Jump to content


  • Content Count

  • Joined

  • Last visited

Community Reputation

246 Good

Recent Profile Visitors

309 profile views
  1. With the up-swell of interest in the good old HD crane, you could contact John Isherwood at Cambridge Custom Transfers to see if he feels there is enough interest in a bespoke set of transfers for this crane.
  2. Sadly none of those transfers are suitable for the Hornby Dublo crane (modelled on a Cowans Sheldon 45-ton steam crane).
  3. Cowans Sheldon 36/50 ton crane ADRC95202 (formerly LMS MP2 and BR RS1001/50 then ADM1001), one of three identical cranes built as a 36-tonners in 1931 and uprated to 50 tons capacity in 1938. At the time of the photo this crane was allocated to Wigan. This crane and its two sisters were the first cranes built by Cowans Sheldon to use relieving bogies, and all three have survived. This particular crane is with the Midland Railway Trust at Butterly, the others are at Didcot and the K&WVR. More photos can be found here: http://www.bdca.org.uk/gallery/index.php/Cowans-Sheldon/ADRC95202
  4. Now you're talking! lol
  5. For clarification, 45-tons capacity was the largest R&R built for the UK, but for overseas use they built up to 120 tons capacity. Remarkable amongst these was a pair of 120 tonners supplied to Singapore for use in connection with the ill-fated defensive batteries, one of which was standard gauge and the other metre gauge. It is likely that the latter was the largest capacity steam crane ever built for metre gauge. Sadly both disappeared in the chaos leading up to the Japanese invasion and the surrender of Singapore (extensive research has determined they did not fall into Japanese hands) and it is most likely that they were both destroyed then dumped in the sea by the British to avoid capture. If so they are probably now under landfill and forming the foundations of Changi Airport.
  6. I have no idea, but the hole in the middle is remarkably close to the right size. The rifling would probably not be to scale though. A better bet for most scenarios would be to fit a tampion, which would probably have been fitted all the time except when the gun was firing.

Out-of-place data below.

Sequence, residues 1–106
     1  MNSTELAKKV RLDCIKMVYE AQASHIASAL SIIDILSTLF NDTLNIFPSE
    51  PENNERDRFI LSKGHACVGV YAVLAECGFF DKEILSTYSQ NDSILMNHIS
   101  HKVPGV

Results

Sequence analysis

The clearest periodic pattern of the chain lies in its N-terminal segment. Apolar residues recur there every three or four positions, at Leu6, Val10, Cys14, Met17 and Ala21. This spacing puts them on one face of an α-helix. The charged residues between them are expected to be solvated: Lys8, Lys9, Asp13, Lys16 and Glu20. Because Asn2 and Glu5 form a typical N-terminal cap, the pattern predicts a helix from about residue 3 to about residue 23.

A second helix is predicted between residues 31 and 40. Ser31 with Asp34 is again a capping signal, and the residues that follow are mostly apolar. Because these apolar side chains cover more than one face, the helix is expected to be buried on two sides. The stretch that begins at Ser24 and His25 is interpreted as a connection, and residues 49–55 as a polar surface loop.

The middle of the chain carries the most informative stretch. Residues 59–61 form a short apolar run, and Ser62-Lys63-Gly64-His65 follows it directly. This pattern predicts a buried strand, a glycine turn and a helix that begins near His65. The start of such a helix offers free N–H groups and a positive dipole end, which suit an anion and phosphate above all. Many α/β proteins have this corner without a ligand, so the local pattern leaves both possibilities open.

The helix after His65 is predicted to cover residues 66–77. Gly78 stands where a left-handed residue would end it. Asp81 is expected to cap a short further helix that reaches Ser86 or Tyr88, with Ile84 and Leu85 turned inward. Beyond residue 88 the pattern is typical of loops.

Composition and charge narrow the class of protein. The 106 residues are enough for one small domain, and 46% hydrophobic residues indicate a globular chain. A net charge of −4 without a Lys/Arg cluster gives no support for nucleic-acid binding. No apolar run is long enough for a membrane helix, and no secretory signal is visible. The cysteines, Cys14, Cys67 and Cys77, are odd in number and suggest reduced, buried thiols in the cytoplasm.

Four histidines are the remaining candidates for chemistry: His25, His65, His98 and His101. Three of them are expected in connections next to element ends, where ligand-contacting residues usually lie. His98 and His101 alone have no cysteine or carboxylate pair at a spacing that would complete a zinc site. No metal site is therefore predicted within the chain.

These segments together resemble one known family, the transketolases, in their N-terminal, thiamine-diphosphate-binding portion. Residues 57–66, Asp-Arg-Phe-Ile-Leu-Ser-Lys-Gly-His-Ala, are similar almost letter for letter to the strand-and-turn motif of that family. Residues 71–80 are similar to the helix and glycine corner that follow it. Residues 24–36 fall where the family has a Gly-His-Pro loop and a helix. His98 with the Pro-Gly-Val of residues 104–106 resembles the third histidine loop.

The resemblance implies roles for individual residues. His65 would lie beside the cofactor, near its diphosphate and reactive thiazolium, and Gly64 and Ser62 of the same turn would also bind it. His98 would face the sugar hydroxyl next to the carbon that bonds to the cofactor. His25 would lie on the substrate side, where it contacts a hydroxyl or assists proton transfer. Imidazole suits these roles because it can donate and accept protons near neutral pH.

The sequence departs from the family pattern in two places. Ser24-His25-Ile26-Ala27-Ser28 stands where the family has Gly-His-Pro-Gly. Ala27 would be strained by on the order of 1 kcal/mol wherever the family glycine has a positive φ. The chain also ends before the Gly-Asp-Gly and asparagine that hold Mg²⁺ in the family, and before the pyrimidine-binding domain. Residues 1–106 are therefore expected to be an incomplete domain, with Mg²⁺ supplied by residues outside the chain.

7. Chop the barrel of a .177 air rifle and you'll have a rifled barrel of very close dimensions for the two guns, use a .22 rifle for the howitzer.
  8. You won't find a Ransomes & Rapier 75-ton crane kit since R&R never built a 75-ton crane for the UK. Although R&R did tender for the 75-ton 'modernisation plan' crane contract and produced GA and other drawings for a proposed crane, it lost the contract to Cowans Sheldon and the design was never built. The only 75-ton rail mounted cranes to operate in the UK were those built by Cowans Sheldon in steam (later diesel-hydraulic) and diesel-mechanical form. The later telescopic jib cranes, also from Cowans Sheldon, had a slightly lesser rated capacity at 75-tonnes.
  9. Very nice! You now of course need a model of the GWR No 3 36-ton Ransomes & Rapier crane, with a Turner boiler fitted, to complete the scene.
  10. Can I ask what video these are from, please? It would be interesting to see the video.
  11. I'm really not sure what you mean by being "in equilibrium', the load is simply being held on the hoist brake! The crane, numbered CME 1, was one of two supplied in 1893. The photo is pre-1907, since by that year the burden chain had been replaced with wire rope. CME 1 was requisitioned during WW1 and never returned. Its twin, imaginatively numbered CME 2, survived until 1955.
  12. Outstanding work, and I look forward very much to seeing future progress! Thank you for posting!
  13. The slewing motor could be fitted in the carriage, along with a travel motor if so desired. It would really need slip rings to connect to the crab in order to allow full 360 slewing. It is a neat start, however, and shows it can be done. I guess ideally there'd be a further motor driving the crane's engines separately so that the crankshaft can run with any or all of the crane's other motions (it could also run with none of the crane's other motions, as you do when warming the engines before use). The derricking gear needs to be slowed down a lot from the video though, that is much to fast to raise the jib.
  14. Outstanding picture, so life-like. Thanks for posting.
  • Create New...

Important Information

We have placed cookies on your device to help make this website better. You can adjust your cookie settings, otherwise we'll assume you're okay to continue.